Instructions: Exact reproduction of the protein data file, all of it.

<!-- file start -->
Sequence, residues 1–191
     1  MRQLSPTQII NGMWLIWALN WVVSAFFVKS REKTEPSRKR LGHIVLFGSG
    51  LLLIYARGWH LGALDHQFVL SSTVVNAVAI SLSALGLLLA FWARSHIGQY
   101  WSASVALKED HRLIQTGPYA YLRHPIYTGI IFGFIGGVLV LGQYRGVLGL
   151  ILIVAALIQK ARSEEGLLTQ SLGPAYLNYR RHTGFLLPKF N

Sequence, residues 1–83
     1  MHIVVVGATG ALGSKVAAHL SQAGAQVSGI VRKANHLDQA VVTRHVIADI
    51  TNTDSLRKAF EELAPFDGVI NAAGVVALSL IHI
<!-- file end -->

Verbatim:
Sequence, residues 1–191
     1  MRQLSPTQII NGMWLIWALN WVVSAFFVKS REKTEPSRKR LGHIVLFGSG
    51  LLLIYARGWH LGALDHQFVL SSTVVNAVAI SLSALGLLLA FWARSHIGQY
   101  WSASVALKED HRLIQTGPYA YLRHPIYTGI IFGFIGGVLV LGQYRGVLGL
   151  ILIVAALIQK ARSEEGLLTQ SLGPAYLNYR RHTGFLLPKF N

Sequence, residues 1–83
     1  MHIVVVGATG ALGSKVAAHL SQAGAQVSGI VRKANHLDQA VVTRHVIADI
    51  TNTDSLRKAF EELAPFDGVI NAAGVVALSL IHI